Situation. Located in the center of the city, down Rodríguez Street or Espartería.

Chronology. XVII century.
Description. Plaza de la Corredera is one of the most emblematic places in the Spanish city of Córdoba. This space, the only major square in the largest square of Andalusia, is located in the center of the city. It has its entrance and exit through the so-called Arco Alto and Arco Bajo.

Among the buildings that shape the square, the Sanchez Peña Market or the Casas de Doña Ana Jacinto stand out. The current market of Sánchez Peña served as a town hall as well as a prison, until in the nineteenth century, in 1846, the businessman from Córdoba, José Sánchez Peña, bought the building and installed the most modern industry in Córdoba with steam engines to create a factory of hats, installing the workers in the high part of the building where they had their homes.

The space occupied by the plaza has been profoundly remodeled over time. The square has been used for different purposes, mainly festive, such as the bullfights from which the current name of the square derives.

On December 18, 1981, it was declared an Asset of Cultural Interest.



XVII century. The current morphology comes from the project of the Salamanca architect Antonio Ramós Valdés, who under the mandate of the mayor Francisco Ronquillo Biceño, built a semi-regular rectangle 113 meters long and 55 meters wide, in 1683. The work, which he had as masters of the city ​​to Antonio García and Francisco Beltrán, had a cost of 752,972 reales and 8 maravedíes. The construction was not integral since it was limited to the facades of the same due to the lack of funds. The owners of the houses that faced the square were acquiring the front meters they wanted for their corresponding balconies. For this they demolished the primitive facade of the Pósito as well as the hermitage of the Angels, creating the same ones again. An existing lane, Calle de Carreteras, was destroyed, the Alto and Bajo arches being built as the entrance to the plaza. Although it was a fairly unitary performance, in the style of the major squares typical of Baroque urbanism, it nevertheless retained two buildings before this time that contrast with the regularity of the surroundings. These buildings are the old Consistorial House and jail and the so-called "Casas de Doña María Jacinto", both built in the sixteenth century.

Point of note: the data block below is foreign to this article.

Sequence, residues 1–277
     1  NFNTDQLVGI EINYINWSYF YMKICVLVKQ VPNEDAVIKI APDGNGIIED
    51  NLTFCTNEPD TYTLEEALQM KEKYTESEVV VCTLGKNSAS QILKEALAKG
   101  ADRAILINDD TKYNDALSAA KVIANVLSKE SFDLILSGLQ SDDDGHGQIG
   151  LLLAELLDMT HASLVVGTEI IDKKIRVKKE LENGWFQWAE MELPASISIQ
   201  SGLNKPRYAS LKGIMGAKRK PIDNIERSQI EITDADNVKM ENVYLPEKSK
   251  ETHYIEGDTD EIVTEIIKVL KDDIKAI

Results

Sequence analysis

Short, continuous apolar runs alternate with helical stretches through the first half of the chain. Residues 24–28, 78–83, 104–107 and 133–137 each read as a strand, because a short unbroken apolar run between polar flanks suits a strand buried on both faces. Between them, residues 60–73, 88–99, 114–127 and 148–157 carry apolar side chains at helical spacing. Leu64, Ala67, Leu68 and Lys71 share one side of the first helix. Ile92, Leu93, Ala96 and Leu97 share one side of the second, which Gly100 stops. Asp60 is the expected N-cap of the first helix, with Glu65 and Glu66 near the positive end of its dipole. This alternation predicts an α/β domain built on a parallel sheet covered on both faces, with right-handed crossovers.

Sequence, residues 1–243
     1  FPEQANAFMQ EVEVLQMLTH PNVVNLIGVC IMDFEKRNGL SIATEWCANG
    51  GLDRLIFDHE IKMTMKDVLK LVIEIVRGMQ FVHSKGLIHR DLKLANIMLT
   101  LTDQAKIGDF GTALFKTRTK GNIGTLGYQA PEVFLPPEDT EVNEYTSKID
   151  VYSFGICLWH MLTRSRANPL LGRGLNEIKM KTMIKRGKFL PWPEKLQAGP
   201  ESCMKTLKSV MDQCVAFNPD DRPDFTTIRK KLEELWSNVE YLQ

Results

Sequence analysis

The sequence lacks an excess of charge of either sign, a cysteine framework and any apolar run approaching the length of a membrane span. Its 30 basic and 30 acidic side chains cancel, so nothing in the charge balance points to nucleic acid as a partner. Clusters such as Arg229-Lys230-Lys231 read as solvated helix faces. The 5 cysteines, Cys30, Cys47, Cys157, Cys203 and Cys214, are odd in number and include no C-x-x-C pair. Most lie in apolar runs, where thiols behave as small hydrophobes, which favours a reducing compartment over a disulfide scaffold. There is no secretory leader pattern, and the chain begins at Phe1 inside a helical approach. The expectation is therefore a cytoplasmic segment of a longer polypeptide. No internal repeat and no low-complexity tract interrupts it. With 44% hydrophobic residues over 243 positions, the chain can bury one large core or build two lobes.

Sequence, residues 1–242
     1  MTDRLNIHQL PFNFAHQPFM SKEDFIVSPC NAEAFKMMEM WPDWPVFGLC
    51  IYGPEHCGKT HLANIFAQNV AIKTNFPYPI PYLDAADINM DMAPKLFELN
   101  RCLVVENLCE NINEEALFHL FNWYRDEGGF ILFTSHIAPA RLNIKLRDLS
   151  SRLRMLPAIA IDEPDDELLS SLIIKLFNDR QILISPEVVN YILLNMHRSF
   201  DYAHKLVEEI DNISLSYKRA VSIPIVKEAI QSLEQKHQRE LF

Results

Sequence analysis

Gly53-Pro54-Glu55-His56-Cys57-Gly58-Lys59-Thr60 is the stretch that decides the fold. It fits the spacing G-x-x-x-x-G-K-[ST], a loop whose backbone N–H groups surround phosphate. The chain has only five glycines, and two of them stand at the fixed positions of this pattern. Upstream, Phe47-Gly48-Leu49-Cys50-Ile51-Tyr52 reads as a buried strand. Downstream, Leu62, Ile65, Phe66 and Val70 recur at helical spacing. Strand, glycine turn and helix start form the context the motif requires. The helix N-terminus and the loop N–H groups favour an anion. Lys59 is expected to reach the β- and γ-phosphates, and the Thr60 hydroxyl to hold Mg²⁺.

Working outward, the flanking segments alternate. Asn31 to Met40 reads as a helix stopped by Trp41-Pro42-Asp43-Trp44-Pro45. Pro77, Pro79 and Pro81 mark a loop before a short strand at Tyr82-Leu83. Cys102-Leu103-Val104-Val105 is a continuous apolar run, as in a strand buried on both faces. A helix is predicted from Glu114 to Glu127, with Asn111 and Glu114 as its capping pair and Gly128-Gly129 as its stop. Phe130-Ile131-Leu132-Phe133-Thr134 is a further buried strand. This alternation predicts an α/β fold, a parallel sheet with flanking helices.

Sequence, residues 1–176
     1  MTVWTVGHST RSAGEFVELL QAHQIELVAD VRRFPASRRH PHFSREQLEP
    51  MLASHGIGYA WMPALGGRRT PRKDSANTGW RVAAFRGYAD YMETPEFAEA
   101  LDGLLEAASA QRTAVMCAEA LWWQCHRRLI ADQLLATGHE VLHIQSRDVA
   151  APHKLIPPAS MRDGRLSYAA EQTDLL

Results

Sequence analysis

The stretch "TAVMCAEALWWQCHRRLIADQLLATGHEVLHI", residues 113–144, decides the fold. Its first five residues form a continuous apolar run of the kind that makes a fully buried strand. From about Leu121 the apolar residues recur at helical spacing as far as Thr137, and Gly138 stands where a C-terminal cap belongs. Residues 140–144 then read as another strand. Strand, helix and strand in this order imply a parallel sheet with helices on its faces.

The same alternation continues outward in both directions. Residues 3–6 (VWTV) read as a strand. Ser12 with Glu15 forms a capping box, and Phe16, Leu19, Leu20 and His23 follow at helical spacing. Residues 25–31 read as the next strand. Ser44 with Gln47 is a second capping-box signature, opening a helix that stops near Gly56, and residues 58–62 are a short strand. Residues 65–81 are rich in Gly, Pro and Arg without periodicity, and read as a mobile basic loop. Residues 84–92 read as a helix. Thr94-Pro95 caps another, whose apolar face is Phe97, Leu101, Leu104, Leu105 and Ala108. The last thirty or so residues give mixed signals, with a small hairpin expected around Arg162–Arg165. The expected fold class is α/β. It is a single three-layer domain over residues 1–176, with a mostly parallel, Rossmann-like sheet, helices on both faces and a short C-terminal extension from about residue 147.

XIX century. On April 5, 1893, a building intended to house the food market in the Plaza de la Corredera began to be built in the middle of the plaza. It was inaugurated on August 2, 1896, and granted to a company for exploitation for fifty years.

Until the twentieth century, Plaza de la Corredera was a high commercial enclave.

XX and XXI Centuries. On July 14, 1951, information was received from the head of Veterinary Services of the city, in which the poor hygienic conditions of the market of supplies were notified. It will not be until 1959, when Antonio Cruz Conde, mayor of Córdoba, approved the demolition of the market to make one in the basement of the square. In this demolition were found Roman Numerals, which today are exposed in the fortress of the Christian Monarchs.

In 1986, the rehabilitation of Plaza de la Corredera was agreed, culminating the works on December 9, 2001, which was attended by Manuel Chavez, president of the Junta de Andalucía, as well as mayor Rosa Aguilar.

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